List of geographical regions in Texas

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Texas is the second-largest state in the United States, with an area of 261,797 square miles (678,050 km2) and a population of 26.05 million in 254 counties. This covers an area 773 miles (1,244 km) wide by 790 miles (1,270 km) long. Due to its location and size, it is a part of a large number of unique geological regions, including the piney woods of East Texas, the plains in the Panhandle, the mountains in far West Texas, and hundreds of miles of coastline.

There are several different methods used to describe the geographic and geological differences within the state, and there are often subdivisions within a region which more accurately describe both the terrain and the culture. Because there is no single standard for subdividing the regions of Texas, many accepted areas either overlap or seem to contradict others. All are included for completeness.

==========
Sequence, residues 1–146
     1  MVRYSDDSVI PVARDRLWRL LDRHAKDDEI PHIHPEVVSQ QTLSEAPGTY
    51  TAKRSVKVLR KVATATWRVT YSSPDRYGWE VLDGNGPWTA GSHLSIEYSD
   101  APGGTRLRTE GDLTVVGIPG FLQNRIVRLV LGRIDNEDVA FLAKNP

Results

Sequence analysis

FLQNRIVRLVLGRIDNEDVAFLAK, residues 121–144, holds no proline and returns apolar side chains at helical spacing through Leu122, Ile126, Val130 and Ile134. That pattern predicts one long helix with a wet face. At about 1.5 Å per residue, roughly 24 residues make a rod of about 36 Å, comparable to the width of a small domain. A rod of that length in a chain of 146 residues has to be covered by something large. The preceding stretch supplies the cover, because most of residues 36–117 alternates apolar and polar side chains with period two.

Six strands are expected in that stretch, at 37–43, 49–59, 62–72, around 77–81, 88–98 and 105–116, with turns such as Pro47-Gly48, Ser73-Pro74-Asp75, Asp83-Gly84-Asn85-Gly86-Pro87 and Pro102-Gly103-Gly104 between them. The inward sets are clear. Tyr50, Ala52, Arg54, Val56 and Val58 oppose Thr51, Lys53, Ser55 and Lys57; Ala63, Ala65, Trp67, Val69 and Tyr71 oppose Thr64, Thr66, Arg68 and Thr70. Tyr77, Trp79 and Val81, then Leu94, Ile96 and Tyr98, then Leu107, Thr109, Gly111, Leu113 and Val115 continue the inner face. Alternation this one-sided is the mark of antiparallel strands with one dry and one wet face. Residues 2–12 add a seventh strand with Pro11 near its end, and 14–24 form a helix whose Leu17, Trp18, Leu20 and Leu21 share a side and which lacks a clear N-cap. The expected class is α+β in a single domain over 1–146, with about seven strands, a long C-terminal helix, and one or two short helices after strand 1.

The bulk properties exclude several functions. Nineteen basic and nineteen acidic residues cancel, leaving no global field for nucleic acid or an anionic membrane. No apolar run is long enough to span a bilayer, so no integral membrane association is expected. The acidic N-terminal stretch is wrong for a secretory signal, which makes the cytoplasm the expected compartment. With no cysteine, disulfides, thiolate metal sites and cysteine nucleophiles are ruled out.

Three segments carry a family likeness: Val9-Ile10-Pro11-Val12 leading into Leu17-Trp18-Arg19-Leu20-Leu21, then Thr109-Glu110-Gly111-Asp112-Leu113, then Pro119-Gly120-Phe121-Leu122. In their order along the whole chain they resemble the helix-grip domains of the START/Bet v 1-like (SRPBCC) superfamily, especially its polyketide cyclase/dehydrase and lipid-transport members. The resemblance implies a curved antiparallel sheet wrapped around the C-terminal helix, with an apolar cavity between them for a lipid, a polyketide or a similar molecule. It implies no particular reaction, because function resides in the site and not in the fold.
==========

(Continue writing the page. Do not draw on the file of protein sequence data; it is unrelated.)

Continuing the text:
Specific geographical regions[edit]

These are generally accepted regions; however, many overlap each other.

As defined within Geography of Texas[edit]

  • Gulf Coastal Plains
  • Interior Lowlands
  • Great Plains
  • Basin and Range Province

Geographical regions that extend into Texas[edit]

See also[edit]

References[edit]

  1. ^ Art Leatherwood, "LLANO ESTACADO," Handbook of Texas Online [1], accessed May 02, 2012. Published by the Texas State Historical Association.
  2. ^ E. H. Johnson, "SOUTH TEXAS PLAINS," Handbook of Texas Online [2], accessed May 03, 2012. Published by the Texas State Historical Association.
  3. ^ Terry G. Jordan, "HILL COUNTRY," Handbook of Texas Online [3], accessed May 01, 2012. Published by the Texas State Historical Association.

External links[edit]